24. 24. Principles of treatment (Cont…) • All patients with acute VF not responding to simple measures in an emergency room, clinic, or hospital ward setting should be monitored in an intensive/intermediate care unit. • Inhaled bronchodilators should be administered to all patients with bronchospasm. • Fever reduction with acetaminophen will decrease CO₂ production. • Avoid excessive caloric intake (which increases CO₂ production)
  25. 25. Principles of treatment (Cont…) • Consider non-invasive ventilatory support: • CPAP: continous positive airway pressure • BiPAP: Biphasic positive airway pressure • Evaluate patient for the need of Endotracheal intubation and mechanical ventilation (e.g. in cases of severe respiratory failure with PaO2 less than 50 mmHg).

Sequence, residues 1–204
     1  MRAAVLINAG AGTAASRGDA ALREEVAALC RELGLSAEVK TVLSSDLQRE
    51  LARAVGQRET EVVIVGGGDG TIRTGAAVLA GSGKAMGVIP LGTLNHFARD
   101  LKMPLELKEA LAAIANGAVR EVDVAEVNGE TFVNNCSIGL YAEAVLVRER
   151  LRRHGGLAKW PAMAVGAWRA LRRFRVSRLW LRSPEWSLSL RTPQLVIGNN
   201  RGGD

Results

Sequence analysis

26. 26. Principles of treatment (Cont…) • DRUGS: • Respiratory stimulants (eg. Doxapram) (rarely used) • Antidote for sedative overdose » Opioids → naloxone » Benzodiazepines → flumazenil • Physiotherapy to mobilise secretions.
  27. 27. ***************The End*************** THANK YOU!!!
  28. 28. References 1. Hanley M. E., Welsh. H., Current Diagnosis & Treatment in Pulmonary Medicine,1st ed. Denver, Colorado, September 2003. 2. Kim E. Barrett, Susan M. Barman, Scott Boitano, and Heddwen L. Brooks, Ganong's Review of Medical Physiology, 24th ed., Singapore,2012. 3. BMJ Publishing Group Limited, BMJ Best Practice, 2015 http://bestpractice.bmj.com (accessed 13-04-2015).